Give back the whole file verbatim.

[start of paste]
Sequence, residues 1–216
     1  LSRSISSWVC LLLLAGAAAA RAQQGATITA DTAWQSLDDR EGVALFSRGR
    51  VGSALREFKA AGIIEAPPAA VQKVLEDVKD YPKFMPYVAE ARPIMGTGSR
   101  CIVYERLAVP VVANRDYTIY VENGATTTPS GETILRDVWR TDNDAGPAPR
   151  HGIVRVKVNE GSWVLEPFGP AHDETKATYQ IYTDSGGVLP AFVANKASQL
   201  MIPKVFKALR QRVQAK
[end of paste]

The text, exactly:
Sequence, residues 1–216
     1  LSRSISSWVC LLLLAGAAAA RAQQGATITA DTAWQSLDDR EGVALFSRGR
    51  VGSALREFKA AGIIEAPPAA VQKVLEDVKD YPKFMPYVAE ARPIMGTGSR
   101  CIVYERLAVP VVANRDYTIY VENGATTTPS GETILRDVWR TDNDAGPAPR
   151  HGIVRVKVNE GSWVLEPFGP AHDETKATYQ IYTDSGGVLP AFVANKASQL
   201  MIPKVFKALR QRVQAK